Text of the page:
Background. The lack of satisfactory donor organs limits heart transplantation. The purpose of this study was to determine whether the criteria for suitability of donors may be safely expanded. Methods. One hundred ninety-six heart transplantations were performed on 192 patients at our institution from January 1992 to 1995 and were divided into two groups. Group A donors (n = 113) conformed to the standard criteria. Group B donors (n = 83) deviated by at least one factor and consisted of the following: 16 hearts from donors greater than 50 years of age, 33 with myocardial dysfunction (echocardiographic ejection fraction = 0.35 ± 0.10, dopamine level exceeding 20 μg · kg-1 · min-1, and resuscitation with triiodothyronine), 33 undersized donors with donor to recipient weight ratios of 0.45 ± 0.04, 48 with extended ischemic times of 297.4 ± 53.6 minutes, 25 with positive blood cultures, 16 with positive hepatitis C antibody titers, and 7 with conduction abnormalities (Wolff-Parkinson-White syndrome, prolonged QT interval, bifascicular block). Results. Thirty-day mortality was 6.2% (7/113) in group A and 6.0% (5/83) in group B. Mortality in group A was attributed to 3 patients with myocardial dysfunction, 2 with infection, 1 with acute rejection, and 1 with pancreatitis; group B had 2 with myocardial dysfunction, 1 with infection, 1 with aspiration, and 1 with bowel infarction. At 12 months, survival and hemodynamic indices were similar between the groups. Of the 16 recipients with hepatitis C-positive hearts, 5 have become hepatitis C positive with mild hepatitis (follow up, 6 to 30 months). Conclusions. Expanding the criteria for suitability of donor hearts dramatically increases the number of transplantations without compromising recipient outcome.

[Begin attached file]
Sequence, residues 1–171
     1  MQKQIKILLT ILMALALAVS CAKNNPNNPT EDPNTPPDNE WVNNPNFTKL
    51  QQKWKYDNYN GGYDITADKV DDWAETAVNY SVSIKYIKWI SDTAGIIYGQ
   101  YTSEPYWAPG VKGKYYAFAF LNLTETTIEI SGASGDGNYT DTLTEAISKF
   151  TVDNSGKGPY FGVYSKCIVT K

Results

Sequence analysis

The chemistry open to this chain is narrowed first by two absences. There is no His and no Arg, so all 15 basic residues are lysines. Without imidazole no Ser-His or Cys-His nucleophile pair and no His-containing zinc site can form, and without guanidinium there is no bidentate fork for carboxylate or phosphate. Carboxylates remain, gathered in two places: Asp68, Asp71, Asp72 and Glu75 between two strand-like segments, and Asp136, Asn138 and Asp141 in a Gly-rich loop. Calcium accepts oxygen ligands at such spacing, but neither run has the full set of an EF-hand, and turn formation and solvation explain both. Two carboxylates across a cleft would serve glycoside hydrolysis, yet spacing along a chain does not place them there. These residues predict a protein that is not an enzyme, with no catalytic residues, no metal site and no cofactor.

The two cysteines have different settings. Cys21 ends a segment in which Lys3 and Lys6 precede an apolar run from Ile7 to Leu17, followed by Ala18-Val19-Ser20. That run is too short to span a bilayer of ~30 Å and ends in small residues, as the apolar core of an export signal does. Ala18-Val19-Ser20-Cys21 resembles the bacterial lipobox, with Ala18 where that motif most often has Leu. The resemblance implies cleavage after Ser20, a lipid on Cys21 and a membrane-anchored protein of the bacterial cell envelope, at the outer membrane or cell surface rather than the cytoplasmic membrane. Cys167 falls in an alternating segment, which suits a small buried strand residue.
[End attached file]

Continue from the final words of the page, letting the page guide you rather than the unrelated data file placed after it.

All Science Journal Classification (ASJC) codes
- Pulmonary and Respiratory Medicine
- Cardiology and Cardiovascular Medicine